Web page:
Throughout this course, we want to emphasize that access should not be an afterthought or an add-on – rather a part of media creation, and one that can improve the media itself. Multimedia (television and radio broadcasts, podcasts, webinars, video, audio, social media posts, recorded lectures) must include transcripts and captions—text versions of speech and other important audio content—to be accessible to people who can’t hear all of the audio. And described video—a narrated or integrated description of visual elements—makes visual multimedia accessible to people who are blind or have low vision.
Transcripts are one way to access media without audio. For mediums such as podcasts and radio broadcasts, transcripts are another way to consume, research, and dig into subjects by reading rather than listening. Transcripts are also the first step to creating captions for video.
When dialogue is not properly captioned in film – for instance, when we see [speaking Spanish] instead of the actual translation of what the characters are saying, the message we get is that what is being said is not important. When the captions are not accurate or full of grammar and spelling errors, it becomes difficult to understand what’s happening – and everyone deserves to understand what is going on in the media they consume. Captions and transcripts also help verify the nature of a conversation, give time to process, offer context, and bring light to a situation. The more we include text as part of media, the more we open the possibilities of who can create, access and consume it.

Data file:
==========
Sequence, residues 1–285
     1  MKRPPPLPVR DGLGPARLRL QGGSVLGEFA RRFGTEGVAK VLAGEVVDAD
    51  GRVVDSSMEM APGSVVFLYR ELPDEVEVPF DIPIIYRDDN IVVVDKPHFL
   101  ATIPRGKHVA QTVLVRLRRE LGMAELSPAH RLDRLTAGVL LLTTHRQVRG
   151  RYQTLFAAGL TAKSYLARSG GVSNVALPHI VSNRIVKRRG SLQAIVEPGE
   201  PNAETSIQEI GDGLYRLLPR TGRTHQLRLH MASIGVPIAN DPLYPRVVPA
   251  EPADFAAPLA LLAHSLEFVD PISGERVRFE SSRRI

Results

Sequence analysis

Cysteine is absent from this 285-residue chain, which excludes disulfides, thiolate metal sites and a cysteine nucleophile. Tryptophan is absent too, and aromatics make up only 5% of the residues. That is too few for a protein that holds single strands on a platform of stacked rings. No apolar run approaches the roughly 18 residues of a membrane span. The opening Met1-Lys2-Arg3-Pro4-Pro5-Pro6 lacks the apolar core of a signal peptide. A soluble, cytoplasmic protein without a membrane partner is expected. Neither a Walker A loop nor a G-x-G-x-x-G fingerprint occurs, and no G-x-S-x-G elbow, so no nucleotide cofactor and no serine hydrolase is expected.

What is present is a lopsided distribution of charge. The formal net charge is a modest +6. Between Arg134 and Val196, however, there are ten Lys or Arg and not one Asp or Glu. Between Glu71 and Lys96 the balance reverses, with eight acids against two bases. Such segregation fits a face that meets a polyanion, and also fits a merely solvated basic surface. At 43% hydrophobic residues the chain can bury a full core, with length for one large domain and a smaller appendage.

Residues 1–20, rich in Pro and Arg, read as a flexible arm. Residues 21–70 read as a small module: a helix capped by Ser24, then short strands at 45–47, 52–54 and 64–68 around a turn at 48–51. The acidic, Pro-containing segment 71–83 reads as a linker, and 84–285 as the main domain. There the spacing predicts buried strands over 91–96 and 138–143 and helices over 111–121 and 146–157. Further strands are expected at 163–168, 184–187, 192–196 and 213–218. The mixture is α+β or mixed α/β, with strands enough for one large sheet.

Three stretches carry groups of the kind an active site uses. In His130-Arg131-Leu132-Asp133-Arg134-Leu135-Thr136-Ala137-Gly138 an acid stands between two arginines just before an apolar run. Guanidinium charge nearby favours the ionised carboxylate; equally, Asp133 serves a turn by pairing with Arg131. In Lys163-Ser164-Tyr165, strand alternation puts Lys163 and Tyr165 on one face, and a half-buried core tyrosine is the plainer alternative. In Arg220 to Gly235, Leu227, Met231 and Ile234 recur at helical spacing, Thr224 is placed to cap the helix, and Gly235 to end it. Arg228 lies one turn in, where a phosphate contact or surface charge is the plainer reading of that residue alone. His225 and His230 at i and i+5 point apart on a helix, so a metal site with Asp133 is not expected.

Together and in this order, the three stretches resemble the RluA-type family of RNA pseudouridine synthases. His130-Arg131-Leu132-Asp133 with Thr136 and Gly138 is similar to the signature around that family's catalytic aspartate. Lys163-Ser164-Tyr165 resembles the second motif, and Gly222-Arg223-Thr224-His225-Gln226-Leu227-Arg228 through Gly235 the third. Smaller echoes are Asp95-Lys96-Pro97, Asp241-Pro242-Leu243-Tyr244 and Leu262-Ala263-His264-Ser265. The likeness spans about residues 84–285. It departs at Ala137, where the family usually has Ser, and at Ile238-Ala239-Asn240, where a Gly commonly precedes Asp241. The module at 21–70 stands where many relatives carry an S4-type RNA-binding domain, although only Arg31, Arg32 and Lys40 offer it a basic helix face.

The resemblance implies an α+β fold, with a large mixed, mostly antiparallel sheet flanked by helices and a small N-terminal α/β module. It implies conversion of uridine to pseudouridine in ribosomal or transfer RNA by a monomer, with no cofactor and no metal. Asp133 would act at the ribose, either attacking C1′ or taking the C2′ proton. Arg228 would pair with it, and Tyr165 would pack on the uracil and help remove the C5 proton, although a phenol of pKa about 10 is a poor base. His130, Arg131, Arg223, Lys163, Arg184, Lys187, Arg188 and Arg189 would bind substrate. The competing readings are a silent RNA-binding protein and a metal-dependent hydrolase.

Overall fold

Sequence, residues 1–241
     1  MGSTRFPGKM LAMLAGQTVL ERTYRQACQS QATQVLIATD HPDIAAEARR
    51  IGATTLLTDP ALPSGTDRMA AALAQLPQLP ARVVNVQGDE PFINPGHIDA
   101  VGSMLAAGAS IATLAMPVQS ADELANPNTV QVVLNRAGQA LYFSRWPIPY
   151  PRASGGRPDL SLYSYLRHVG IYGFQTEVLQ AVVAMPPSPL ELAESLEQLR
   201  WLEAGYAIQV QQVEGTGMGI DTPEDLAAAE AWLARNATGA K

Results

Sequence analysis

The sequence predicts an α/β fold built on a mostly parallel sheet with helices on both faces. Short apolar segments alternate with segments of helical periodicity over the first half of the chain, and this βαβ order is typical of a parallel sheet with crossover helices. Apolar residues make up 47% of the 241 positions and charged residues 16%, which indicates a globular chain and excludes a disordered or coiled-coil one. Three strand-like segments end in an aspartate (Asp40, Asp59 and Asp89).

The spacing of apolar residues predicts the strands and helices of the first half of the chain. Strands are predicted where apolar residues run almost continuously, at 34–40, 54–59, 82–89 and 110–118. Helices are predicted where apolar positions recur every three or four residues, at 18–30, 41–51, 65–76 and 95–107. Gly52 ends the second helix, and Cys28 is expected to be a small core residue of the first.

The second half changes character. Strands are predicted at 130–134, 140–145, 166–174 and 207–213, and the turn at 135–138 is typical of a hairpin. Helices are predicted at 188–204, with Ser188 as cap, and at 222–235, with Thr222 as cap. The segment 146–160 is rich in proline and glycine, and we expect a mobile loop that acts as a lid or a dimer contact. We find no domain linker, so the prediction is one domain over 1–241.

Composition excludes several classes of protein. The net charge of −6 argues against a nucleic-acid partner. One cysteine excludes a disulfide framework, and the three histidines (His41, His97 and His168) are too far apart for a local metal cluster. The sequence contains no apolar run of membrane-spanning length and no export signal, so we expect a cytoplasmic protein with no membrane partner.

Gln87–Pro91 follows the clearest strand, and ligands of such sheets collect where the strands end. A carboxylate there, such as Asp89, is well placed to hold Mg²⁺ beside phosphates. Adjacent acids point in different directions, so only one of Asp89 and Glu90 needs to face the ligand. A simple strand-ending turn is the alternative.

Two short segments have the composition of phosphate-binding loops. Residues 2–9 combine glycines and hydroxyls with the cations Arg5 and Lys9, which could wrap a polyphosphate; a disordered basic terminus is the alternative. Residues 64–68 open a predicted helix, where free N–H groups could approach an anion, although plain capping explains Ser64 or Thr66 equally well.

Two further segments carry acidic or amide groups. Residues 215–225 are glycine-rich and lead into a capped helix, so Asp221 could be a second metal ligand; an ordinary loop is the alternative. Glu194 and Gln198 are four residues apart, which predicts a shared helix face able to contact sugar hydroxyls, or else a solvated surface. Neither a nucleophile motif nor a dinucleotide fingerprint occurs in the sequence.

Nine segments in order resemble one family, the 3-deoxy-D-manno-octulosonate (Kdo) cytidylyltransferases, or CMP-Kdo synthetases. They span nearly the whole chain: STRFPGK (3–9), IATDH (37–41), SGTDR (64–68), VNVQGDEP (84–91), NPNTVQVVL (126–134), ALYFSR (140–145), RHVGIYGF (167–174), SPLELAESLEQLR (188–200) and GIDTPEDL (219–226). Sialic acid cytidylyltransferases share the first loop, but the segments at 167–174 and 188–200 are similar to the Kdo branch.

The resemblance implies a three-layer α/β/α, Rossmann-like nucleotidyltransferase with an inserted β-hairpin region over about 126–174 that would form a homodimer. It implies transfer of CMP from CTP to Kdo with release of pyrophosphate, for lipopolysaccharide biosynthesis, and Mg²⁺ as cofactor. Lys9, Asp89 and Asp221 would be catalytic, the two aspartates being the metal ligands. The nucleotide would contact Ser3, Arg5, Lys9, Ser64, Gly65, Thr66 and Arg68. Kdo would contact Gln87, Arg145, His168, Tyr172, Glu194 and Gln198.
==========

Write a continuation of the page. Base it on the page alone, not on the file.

Described video gives context to essential visual information for media consumers who are blind or have low vision, but it also levels the societal playing field by allowing everyone to enjoy media, engage with popular culture, and fully participate in society (CNIB, n.d.).
Image: A red illuminated sign that says ‘ON AIR’. Credit: Anne Zbitnew
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Audio transcription is the process of converting speech in an audio file into written text. This can be done manually or with software. Journalists and media makers use transcripts as their notes, and they are also used to caption video (Trint, 2019).
Typically, a narrator describes the visual-only content in the multimedia. Descriptions can also be integrated into the pre-production, production, and post-production phases of a video project (AMI, n.d.).